“Not exactly. When I finished my term of office, I disconnected myself. I never get up in the morning and think what I would have done in this or that situation. It is impossible to think like that.”
Ephraim Halevy’s appearance is misleading.
One does not discern a person at whose orders people were assassinated, but rather a pallid-faced scholastic gentleman.
It is conceivable that the nature of his position in the world of concealment and deception taught him to adopt a character that was not really his. Halevy is a person who listens. It is probable that this ability was essential in the critical missions that were assigned to him. One of these was finalizing the peace accord with Jordan. Halevy emphasizes, “An emissary must always remember that he is just an emissary. He does not make the decisions, nor does he have the authority to apply pressure.”
So an emissary is simply a channel of communication?
“No. He is certainly not absolved from making suggestions, some of which might or might not be accepted. An emissary should not fight for his suggestions, but he could and should return to them time and time again. Sometimes it might well happen that they are eventually seen to be correct.”
HALEVY TOOK over the Mossad in 1998 after the failed poisoning attempt of Hamas leader Khaled Mashaal. I ask Halevy if Mashaal should still be a target for assassination. He refuses to be drawn into a discussion on the reasoning for assassinations.
He does not want to express an opinion and obviously today has no influence on the decision-making process.
In some of the operations he directed he was unable to extricate his agents. He always insisted on pointing out to his operatives before they embarked on an operation that under certain circumstances his hands would be tied. He always spoke to them personally and not through someone else. I said that must have been difficult.
He agreed that it was not simple and called for a great deal of understanding and strength.
Halevy served under five prime ministers, three as head of the Mossad and two as deputy director. I asked him to characterize them. He agreed but stressed that he would only say positive things. He described Yitzhak Shamir as a rock, very stable, very stalwart in his world outlook, who gave enormous support to those serving under him. Yitzhak Rabin knew how to exploit opportunities and allowed Halevy to maintain contact with King Hussein, even when he had little faith in the Jordanian option. When something very substantive changed in the attitude of the kingdom, Rabin radically changed his attitude to Jordan although he was deeply involved with Syria at the time.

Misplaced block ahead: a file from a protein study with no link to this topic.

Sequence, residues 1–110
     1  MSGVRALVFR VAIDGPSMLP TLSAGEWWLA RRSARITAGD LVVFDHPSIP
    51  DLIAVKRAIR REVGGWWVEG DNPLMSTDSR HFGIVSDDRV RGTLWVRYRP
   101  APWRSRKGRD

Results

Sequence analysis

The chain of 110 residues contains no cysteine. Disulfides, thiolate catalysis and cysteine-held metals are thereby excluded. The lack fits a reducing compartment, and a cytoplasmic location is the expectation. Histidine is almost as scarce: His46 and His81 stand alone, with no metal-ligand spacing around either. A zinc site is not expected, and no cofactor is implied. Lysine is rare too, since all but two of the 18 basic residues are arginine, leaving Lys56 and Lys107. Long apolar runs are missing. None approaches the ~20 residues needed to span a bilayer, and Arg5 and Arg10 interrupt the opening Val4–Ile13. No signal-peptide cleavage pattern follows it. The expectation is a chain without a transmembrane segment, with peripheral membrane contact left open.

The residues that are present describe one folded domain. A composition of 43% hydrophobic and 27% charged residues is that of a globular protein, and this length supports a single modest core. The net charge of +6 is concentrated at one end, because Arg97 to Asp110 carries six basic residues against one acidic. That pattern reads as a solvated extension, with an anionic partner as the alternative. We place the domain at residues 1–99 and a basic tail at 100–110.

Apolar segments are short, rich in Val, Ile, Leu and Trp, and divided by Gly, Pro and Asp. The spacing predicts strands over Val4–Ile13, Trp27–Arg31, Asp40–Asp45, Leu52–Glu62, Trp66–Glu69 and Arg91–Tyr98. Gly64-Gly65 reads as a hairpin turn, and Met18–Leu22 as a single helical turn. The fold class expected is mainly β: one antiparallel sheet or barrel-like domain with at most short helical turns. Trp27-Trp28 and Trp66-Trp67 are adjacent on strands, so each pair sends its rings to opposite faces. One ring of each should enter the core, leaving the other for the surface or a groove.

Ariel Sharon was razor-sharp and knew how to accept responsibility. Once, before a major operation, Halevy outlined to him a potential security risk. “What will really happen if there is a mishap like that?” mused Sharon. Halevy suggested that it could be announced that the head of the Mossad had operated on his own authority and that the prime minister was not apprised of the situation. There was silence in the room. The tape-recorder was running and the stenographer had her finger on the keyboard when Sharon gave his verdict, “I approve of the operation but not including the proviso presented by the head of the Mossad.”
Ehud Barak demonstrated a rapid global grasp and gave wide license to act. Halevy is appreciative that he was asked to stay on after Barak’s election in 1999. Benjamin Netanyahu is brilliant, and in minutes can pull together the threads of any subject.
When the Mashaal operation collapsed, he realized immediately that the repercussions had to be minimized. He immediately gave instructions that the antidote to the poison should be transferred to the Jordanians, thus saving Mashaal’s life.
Later on, we pass the village of Vishniyeva where Peres was born. When we approach Volozhyn, the sun’s rays manage to penetrate through the clouds and illuminate the bus stops that had been painted blue and white a year before in honor of a Limmud FSU conference. When Bialik had lived there, most of the inhabitants of Volozhyn worked in the forests, others were traders, craftsmen – poverty-stricken and the butt of jokes.
The yeshiva building is known as the “White House,” as it is built of white bricks. The house is still white but there are no students. The incessant rain makes the red roof shine. A heavy smell of wood smoke from the houses hangs in the air.
The mayor, Pyotr Bibik, ceremoniously presents Halevy with a silver key. Halevy attempts to open the red iron door but to no avail. He tries turning the key in the other direction but the door has a will of its own. All of which makes our story rather Agnonesque. “On his return, he found the door locked” wrote S.Y. Agnon in “Fernheim,” a short story in his book Thus Far.
Halevy tries again but with no more luck.
Chesler tries to enter through a window but fails. Nothing works until Bibik takes the key again and in a gargantuan effort, it turns at last and the door creaks open.
Halevy is the first to penetrate the darkness.
The windows are sealed up with bricks, the shutters immovable, the neon lights rusted to the walls, there is black mildew between the doors and the ceiling.
Will you come back?
“Yes. I really hope that a Jewish cultural center will be established here. A link that will join us with the past that was so brutally interrupted by the Holocaust.”
What has this visit meant to you?
With all the great personalities on the walls, I feel as if I have gone back decades.
Let us go slightly forward. When exactly will you be 80?
Assuming I get that far, the end of the year – near Hanukka.
Can you tell me the exact date?
Near Hanukka.
But what is the date? I just want to be able to wish you ‘mazal tov.’
Don’t wish me it.
Are you superstitious?
No. But don’t say so.
Translated by Asher Weill